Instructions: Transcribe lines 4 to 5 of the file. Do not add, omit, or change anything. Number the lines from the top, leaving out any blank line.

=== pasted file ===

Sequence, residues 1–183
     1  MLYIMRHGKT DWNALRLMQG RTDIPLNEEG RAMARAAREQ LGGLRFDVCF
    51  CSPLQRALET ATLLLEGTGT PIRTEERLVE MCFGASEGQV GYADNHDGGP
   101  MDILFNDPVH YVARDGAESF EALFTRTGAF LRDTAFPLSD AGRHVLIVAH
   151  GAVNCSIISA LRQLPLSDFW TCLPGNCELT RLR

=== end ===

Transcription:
   101  MDILFNDPVH YVARDGAESF EALFTRTGAF LRDTAFPLSD AGRHVLIVAH
   151  GAVNCSIISA LRQLPLSDFW TCLPGNCELT RLR